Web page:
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Rhinelander approves ATV/UTV use on city streets, businesses excited for new opportunitiesSubmitted: 06/26/2019
Lane Kimble
Lane Kimble
News Director
lkimble@wjfw.com

Rhinelander approves ATV/UTV use on city streets, businesses excited for new opportunities
RHINELANDER - From her store on Brown Street in downtown Rhinelander, Kate Bauman would love to sell anyone a hand-restored armoire, while knowing it's a specific clientele she tends to reach.

"I know that my chances of an ATV rider coming in and purchasing a dresser is slim to none," Bauman said with a laugh.

After Monday night, those chances may have just gone up.  On a 6-2 vote, the city council approved allowing ATVs and UTVs on almost all city streets.  Riders cannot use or cross Lincoln Street or Stevens Street north of Dwight Street.  

Alderpersons Dawn Rog and Ryan Rossing were the lone dissenters.


"To bring that opportunity to Rhinelander, I think just makes sense," Bauman said.

The city started looking at the idea last fall. City Administrator Daniel Guild put out drafts and a survey in April to get public input.

Hodag 4-Wheelers ATV Club President Paul Hagen told Newswatch 12 last month he felt the move would better-connect Rhinelander to surrounding towns such as Pine Lake, Pelican, and Crescent, which all allow riders, while also benefiting businesses in the city.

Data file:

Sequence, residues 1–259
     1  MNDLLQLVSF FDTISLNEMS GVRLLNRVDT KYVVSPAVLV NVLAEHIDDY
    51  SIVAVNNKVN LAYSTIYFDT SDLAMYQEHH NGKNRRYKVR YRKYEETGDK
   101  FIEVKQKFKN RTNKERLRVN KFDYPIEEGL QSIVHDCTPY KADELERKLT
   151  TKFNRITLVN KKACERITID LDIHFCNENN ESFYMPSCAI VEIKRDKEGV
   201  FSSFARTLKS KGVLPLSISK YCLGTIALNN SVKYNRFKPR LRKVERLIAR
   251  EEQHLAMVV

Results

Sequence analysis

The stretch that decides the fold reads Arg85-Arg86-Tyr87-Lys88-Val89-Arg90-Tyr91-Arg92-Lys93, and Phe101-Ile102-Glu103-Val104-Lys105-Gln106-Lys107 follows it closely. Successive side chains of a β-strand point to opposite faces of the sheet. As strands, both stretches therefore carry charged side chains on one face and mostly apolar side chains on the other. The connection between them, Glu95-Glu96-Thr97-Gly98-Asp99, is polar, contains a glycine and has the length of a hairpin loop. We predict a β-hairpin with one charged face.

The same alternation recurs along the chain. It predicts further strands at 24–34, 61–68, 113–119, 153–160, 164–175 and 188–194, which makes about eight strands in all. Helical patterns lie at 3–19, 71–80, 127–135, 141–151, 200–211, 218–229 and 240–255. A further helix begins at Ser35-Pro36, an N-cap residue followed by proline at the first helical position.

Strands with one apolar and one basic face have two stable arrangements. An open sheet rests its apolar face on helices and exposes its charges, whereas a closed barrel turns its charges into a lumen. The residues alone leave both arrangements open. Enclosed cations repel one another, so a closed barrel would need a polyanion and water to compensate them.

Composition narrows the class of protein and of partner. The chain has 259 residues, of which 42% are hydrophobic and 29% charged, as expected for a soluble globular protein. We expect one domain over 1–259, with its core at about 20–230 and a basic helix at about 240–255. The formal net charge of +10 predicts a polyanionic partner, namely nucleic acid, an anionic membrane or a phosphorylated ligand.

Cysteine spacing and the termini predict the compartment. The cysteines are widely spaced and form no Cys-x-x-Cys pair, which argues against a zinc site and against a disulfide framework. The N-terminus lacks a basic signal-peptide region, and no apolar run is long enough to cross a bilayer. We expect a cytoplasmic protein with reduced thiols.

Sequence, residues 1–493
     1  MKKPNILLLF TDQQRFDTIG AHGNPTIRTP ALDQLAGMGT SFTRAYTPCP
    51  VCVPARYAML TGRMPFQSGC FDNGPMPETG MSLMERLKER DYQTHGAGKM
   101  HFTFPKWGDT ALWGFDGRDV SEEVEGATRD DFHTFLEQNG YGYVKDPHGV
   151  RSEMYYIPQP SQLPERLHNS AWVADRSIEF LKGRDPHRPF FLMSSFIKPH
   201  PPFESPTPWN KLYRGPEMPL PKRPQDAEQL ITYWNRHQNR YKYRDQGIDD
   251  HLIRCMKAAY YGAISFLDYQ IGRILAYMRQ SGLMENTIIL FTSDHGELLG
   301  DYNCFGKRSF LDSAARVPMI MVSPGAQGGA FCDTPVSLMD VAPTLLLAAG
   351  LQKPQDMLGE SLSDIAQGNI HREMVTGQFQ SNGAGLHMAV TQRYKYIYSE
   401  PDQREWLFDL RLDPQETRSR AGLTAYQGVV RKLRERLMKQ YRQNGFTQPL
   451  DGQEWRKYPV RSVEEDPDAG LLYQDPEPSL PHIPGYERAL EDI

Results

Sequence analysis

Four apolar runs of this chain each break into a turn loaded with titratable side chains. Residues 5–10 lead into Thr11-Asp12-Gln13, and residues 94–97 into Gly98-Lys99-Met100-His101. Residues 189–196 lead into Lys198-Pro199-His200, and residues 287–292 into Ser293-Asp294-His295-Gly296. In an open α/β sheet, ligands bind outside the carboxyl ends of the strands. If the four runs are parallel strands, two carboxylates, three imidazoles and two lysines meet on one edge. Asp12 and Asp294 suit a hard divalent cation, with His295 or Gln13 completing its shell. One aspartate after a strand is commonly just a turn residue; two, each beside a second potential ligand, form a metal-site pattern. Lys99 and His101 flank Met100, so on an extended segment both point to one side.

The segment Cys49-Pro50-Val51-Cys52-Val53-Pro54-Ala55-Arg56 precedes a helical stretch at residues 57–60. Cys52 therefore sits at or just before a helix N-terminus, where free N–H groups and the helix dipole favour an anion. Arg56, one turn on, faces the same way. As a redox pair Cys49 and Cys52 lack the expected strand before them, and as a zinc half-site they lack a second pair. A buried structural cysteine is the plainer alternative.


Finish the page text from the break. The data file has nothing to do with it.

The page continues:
"I've talked to a lot of people and, you know, their business will go up 20 to 30 percent," Hagen said. "People can just enjoy their machines a little bit more [now]."

The ordinance doesn't actually go into effect until the city can post signs at the entry points explaining the rules. Then, it's really up to the riders to follow those rules.

"They can make this or they can break this with their behavior," Police Chief Lloyd Gauthier said.

Gauthier thinks local clubs do a great job of policing themselves. Still, he thinks rules like following posted speed limits (generally 25 MPH), with a cap at 35 miles per hour anywhere, riders under the age of 18 being required to wear helmets, and a no-ride rule between midnight and 5 a.m. will likely get broken from time to time.

"I'm very conservative and I will say yes, there will be people that violate the law," Gauthier said. "We have that every day with motor vehicles."

The ordinance also limits maximum weights of ATVs and UTVs, requires riders have a valid driver's license and insurance, ride in single-file on streets, be at least 16 years old, and not "cruise" on streets.

The city council can vote to rescind the ordinance at any time riding becomes an issue. Gauthier says police chiefs he talked to in Tomahawk and Eagle River both said ATVs on city streets haven't been an issue for either one.

"Being a larger municipality, I think we might be a test case as to how well that will go," Gauthier said. "Something new, it's change. So, obviously it's going to be difficult at first, but as long as they adhere to traffic rules and the rules of the road, then it's less likely that there will be crashes."

Bauman hopes the ordinance sticks, even if it doesn't mean a UTV rider loading up a dresser on their machine.

"All of these other communities are benefiting from that type of traffic. It was just time that we capitalized on it as well," Bauman said.

Gauthier said the city hopes to post the ordinance signs before the Fourth of July. You can read the full ordinance here.

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